The pandemic has changed everything. You knew that, of course. Like many people in fields of regular job uncertainty, we’ve curtailed spending as much as we can. Never very securely established after Nashotah House, we’ve managed to get by by not thinking too far ahead. I can’t imagine retirement (if there’s still a job left to report to). Even more, I can’t imagine a life without books. The only way I get through each day is by trying not to think about it. Still, I miss bookstores. Pre-pandemic, when jobs at least felt somewhat secure, we’d often nip into one of the many local independents of a weekend. Missing browsing shelves sorely, we stopped into Book and Puppet over in Easton, when on a trip to buy produce at the outdoor farmer’s market.
It felt strange, the thought of going into a store that wasn’t dedicated to groceries or hardware. Masked, of course, but would there be lots of people there, crowding the air with germs? No. There was maybe one other customer in the place. I have to admit that I was a bit disoriented, trying to read over spines on a shelf, not wanting to touch anything. I’ve tried hard to curb any spending during these highly uncertain times, but could I imagine a world with no bookstores? Would I even want to? Books, you see, give me hope. My vision of heaven is October and a never-ending stack of books (and, of course, friends). Books allow for escape and exploration. Life will continue after the pandemic in books.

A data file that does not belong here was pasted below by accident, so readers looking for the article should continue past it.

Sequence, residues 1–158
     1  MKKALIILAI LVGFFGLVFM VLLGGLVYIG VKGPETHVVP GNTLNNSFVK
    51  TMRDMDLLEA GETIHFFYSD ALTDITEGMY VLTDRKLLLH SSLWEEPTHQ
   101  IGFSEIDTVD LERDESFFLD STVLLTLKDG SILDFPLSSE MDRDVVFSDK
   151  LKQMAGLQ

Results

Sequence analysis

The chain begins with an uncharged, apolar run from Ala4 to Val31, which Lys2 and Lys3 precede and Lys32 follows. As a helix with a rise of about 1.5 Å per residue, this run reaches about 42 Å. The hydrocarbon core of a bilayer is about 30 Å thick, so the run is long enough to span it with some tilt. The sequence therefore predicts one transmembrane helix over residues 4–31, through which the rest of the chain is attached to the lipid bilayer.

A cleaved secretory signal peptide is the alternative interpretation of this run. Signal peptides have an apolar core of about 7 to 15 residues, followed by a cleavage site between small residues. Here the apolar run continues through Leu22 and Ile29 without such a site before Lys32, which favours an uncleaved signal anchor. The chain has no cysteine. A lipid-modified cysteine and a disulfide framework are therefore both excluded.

The fear has gripped many of us, I suspect. I’m old enough to retire, but not well-off enough to do so. Our house requires a two-person income at our level (highly educated, under-employed), and the pandemic rolls on. I think of the Black Death—I’ve read about that too—and how history changed because of it. In this pandemic we’re dying (all but the wealthiest) piece by piece. The most vulnerable first, of course, but the middle class may well be in the sights. The owner of the bookstore said he wasn’t sure how long he could hold out. Just last year at this time I was participating in the Easton Book Festival that he’d organized. I had a book-signing at the nearby Moravian Bookshop. I can’t remember a time I felt so hopeful, knowing I had another book coming out, and if we survive long enough, another after that. I really shouldn’t, but I’m in a bookstore. I’ll buy one in hope that the future may just offer a place to keep it.